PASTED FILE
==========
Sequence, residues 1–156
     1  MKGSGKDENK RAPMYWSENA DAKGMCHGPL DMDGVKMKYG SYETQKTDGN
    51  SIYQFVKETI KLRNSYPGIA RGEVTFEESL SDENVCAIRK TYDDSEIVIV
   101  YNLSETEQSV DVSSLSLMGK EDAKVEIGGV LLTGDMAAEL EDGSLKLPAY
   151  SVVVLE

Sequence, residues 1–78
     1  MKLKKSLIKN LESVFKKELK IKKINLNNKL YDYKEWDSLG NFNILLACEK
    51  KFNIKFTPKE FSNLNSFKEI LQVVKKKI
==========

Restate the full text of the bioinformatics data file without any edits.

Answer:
Sequence, residues 1–156
     1  MKGSGKDENK RAPMYWSENA DAKGMCHGPL DMDGVKMKYG SYETQKTDGN
    51  SIYQFVKETI KLRNSYPGIA RGEVTFEESL SDENVCAIRK TYDDSEIVIV
   101  YNLSETEQSV DVSSLSLMGK EDAKVEIGGV LLTGDMAAEL EDGSLKLPAY
   151  SVVVLE

Sequence, residues 1–78
     1  MKLKKSLIKN LESVFKKELK IKKINLNNKL YDYKEWDSLG NFNILLACEK
    51  KFNIKFTPKE FSNLNSFKEI LQVVKKKI